Planing Mill Burned at Portland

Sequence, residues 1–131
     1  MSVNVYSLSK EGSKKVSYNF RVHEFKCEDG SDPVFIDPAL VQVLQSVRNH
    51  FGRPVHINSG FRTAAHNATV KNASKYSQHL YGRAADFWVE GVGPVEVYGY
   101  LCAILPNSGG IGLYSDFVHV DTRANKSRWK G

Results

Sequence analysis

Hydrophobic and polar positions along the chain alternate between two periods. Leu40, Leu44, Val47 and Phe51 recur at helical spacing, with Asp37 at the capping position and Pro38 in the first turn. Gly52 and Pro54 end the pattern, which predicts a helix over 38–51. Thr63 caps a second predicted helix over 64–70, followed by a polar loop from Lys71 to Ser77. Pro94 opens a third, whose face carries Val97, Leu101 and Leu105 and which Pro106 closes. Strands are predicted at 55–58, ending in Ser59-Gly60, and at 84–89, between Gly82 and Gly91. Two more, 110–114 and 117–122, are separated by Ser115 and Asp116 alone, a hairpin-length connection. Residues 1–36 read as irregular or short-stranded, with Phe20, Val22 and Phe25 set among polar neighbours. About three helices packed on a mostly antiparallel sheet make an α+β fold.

The Keautz planing mill, situated in the northwestern portion of Portland, Ore., caught fire from a bonfire some children had kindled in a pile of sawdust and left to burn itself out. The first alarm was pulled at 11:15 a. m. and Chief B. F. Dowell, when he arrived, sent in a second alarm at 11:30. The building was 50×100 feet, of wood, one story in height, and had been built 13 years. The apparatus consisted of two American-La France 1,000 gallon pumpers, three Metropolitan 1,000 gallon steamers, two motor hose cars and two ladder trucks. Ten 6-inch double hydrants were available, 200 feet apart, with a gravity pressure of 80 pounds. Six engine streams were thrown, nozzle sizes being 1 1/8 inches. The water main was 20 inches in diameter. In all, 4,000 feet of cotton rubberlined hose were laid. Until the arrival of Chief Dowell, Battalion Chief J. E. Young was in charge of the department. The building was valued at $22,000; loss, $5,000. The contents, machinery and lumber, valued at $15,000, were damaged to the extent of $12,800.